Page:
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Alcohol Awareness Month

Alcohol Awareness Month: Help for Today, Hope for Tomorrow

Alcohol is by far the most commonly used addictive substance in the United States. It’s legal for adults over the age of 21, and its widespread social acceptance means that many are able to hide that they have a problem. However, there’s no denying that the dangers of this substance are real; today, alcohol use disorder affects over 15 million people in the US alone. Thankfully, events like Alcohol Awareness Month have been created to build awareness and reduce the stigma surrounding this subject.


What is Alcohol Awareness Month? 

Alcohol Awareness Month was established in 1987, founded and sponsored by the National Council on Alcoholism and Drug Dependence. Today, that organization merged with another to create Facing Addiction with NCADD, but the mission of the month is the same: to reduce stigma and increase awareness of alcohol addiction. This is accomplished by educating the American public about alcoholism, its causes, effective treatment, and recovery. By spreading this information, Facing Addiction with NCADD hopes to begin breaking down barriers to treatment and recovery – specifically, the stigma and mystery surrounding alcohol use disorders.

Alcohol is incredibly common, legal for those who are of age, easy to obtain (from gas stations to grocery stores), and many people don’t think twice about it. In spite of this, there is still a large amount of stigma around alcohol use disorder. Many people have an unacknowledged bias against substance use disorders – they believe they’re moral failings, not a physical ailments or diseases. By shedding light on the myriad health and personal problems that heavy alcohol use can create, as well as how commonplace dependence on this substance is, we can encourage our friends and family to seek treatment.


How to Observe Alcohol Awareness Month 

There are many ways to take part in Alcohol Awareness Month. One that Facing Addiction with NCADD recommends is participation in Alcohol-Free Weekend, which takes place on the first weekend of April. For the 5th through the 7th, all Americans are invited to abstain from alcohol for three full days. This event serves a dual purpose: first, it encourages discussion with friends and family about why you’re not drinking for the weekend, and opens up a broader conversation about alcohol use disorder nationwide. Additionally, a few days of abstention can be a good litmus test to see if you’re able to avoid drinking for a significant period of time. If you or a loved one has difficulty making it through the three days of Alcohol-Free Weekend, we encourage you to reach out to Vista Taos.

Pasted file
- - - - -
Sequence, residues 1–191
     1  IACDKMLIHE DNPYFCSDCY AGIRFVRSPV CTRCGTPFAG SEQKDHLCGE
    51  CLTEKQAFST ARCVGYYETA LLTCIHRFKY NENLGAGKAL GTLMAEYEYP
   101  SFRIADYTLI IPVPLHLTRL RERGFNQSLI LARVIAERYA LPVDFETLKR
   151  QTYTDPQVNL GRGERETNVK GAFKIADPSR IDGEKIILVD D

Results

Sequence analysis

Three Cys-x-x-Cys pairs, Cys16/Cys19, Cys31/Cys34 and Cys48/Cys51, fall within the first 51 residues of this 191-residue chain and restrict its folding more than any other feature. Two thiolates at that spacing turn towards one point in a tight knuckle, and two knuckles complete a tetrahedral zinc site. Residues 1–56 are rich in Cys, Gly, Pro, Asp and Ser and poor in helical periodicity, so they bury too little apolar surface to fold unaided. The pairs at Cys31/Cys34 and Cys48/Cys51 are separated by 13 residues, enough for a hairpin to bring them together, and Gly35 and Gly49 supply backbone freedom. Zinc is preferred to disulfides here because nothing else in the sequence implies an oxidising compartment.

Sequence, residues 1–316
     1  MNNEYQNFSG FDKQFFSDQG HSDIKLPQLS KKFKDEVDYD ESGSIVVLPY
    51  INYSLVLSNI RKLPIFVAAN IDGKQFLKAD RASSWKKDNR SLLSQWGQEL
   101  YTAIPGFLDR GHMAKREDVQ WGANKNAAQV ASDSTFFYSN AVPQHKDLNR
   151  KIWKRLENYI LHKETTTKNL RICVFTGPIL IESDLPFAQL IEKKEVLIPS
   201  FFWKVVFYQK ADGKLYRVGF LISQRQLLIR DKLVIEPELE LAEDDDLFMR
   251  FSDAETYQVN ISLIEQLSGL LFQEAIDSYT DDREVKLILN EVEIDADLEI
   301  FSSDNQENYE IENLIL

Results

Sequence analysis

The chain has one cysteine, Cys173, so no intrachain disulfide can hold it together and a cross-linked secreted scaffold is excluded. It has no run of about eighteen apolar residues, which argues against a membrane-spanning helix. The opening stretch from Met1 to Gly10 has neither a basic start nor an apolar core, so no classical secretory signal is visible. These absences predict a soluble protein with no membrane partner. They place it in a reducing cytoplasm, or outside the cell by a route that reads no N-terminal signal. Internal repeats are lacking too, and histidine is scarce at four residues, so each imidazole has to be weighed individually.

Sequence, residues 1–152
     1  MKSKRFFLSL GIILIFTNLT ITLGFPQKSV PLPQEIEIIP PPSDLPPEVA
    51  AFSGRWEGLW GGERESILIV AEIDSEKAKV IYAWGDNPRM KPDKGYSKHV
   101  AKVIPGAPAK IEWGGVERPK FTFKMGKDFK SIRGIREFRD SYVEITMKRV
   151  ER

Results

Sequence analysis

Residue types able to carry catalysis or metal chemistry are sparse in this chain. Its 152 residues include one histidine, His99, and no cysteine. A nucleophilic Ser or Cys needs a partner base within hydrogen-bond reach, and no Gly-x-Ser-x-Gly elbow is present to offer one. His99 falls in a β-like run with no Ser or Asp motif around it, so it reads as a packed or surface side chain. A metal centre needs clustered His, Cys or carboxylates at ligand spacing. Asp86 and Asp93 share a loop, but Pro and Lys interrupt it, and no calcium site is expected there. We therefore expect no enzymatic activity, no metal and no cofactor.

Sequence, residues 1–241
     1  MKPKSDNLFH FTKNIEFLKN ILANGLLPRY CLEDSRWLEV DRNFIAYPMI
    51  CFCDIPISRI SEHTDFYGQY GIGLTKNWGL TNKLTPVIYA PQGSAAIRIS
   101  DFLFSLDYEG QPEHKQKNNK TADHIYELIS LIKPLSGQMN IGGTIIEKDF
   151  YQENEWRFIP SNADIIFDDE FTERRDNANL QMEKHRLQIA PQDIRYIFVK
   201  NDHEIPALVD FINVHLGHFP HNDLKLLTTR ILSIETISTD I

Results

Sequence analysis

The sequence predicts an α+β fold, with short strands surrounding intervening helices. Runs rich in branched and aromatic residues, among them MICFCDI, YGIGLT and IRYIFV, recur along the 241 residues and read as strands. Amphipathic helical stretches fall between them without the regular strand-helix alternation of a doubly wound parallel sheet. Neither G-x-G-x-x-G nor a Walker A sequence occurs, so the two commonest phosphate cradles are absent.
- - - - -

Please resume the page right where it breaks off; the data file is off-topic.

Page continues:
Signs of an Alcohol Use Disorder

We’ve compiled a list of alcohol use disorder symptoms from the Mayo Clinic, as well as a few signs from our experts; we hope that these are helpful to you. Please keep in mind that this is not a complete or exhaustive list – people may exhibit all of these signs or just a few of them.

Alcoholism exists on a spectrum, and may be mild, moderate, or severe. Your loved one may maintain relationships and career responsibilities, but that doesn’t mean that they don’t have a problem. High-functioning alcoholics are characterized as having great “outside lives” – full-time careers, homes, families, and friendships – all while hiding their addiction. If you feel that these apply to yourself or someone you know, we encourage you to reach out at 575-586-3104 or via our confidential contact form.

  • Being unable to limit the amount of alcohol consumed
  • Wanting to cut down on how much they drink or making unsuccessful attempts to do so
  • Spending a lot of time drinking, obtaining alcohol, or recovering from its use
  • Lying about drinking habits
  • Feeling strong cravings or urges to drink alcohol to get through the day
  • Failing to fulfill major obligations at work, home, or school because of repeated alcohol use – alcohol comes first before important responsibilities
  • Continuing to drink even though they know it’s causing physical, social, or interpersonal problems
  • Spending money on alcohol that should be used for necessities
  • Giving up or reducing social / work activities or hobbies
  • Using alcohol in unsafe situations (while driving or swimming) or inappropriate times (early in the morning or at work)
  • Developing a tolerance to alcohol so that they need more to feel its effect
  • Experiencing withdrawal symptoms (nausea, sweating, shaking, anxiety) when they don’t drink, or drinking to avoid those symptoms
  • Treating loved ones in ways they wouldn’t sober (yelling, becoming violent, or using hateful language)
  • Regularly drinking until experiencing memory loss


Resources and Help for Alcoholism

If you or a loved one has experienced any of the symptoms outlined above, we encourage you to reach out to our qualified team, available 24/7. Recovery from alcoholism is difficult to achieve alone, especially because underlying issues and intense withdrawal symptoms often come into play to complicate the process. As individuals, we’re often not equipped to face these things on our own. Those who seek professional help have better outcomes and receive exceptional, individualized care in a therapeutically rich environment.

You can speak to any of our compassionate team members at 575-586-3104, or by submitting a fully confidential contact request. We strive to help you discover a new perspective of the world. One that is happy, healthy, and free from addiction.

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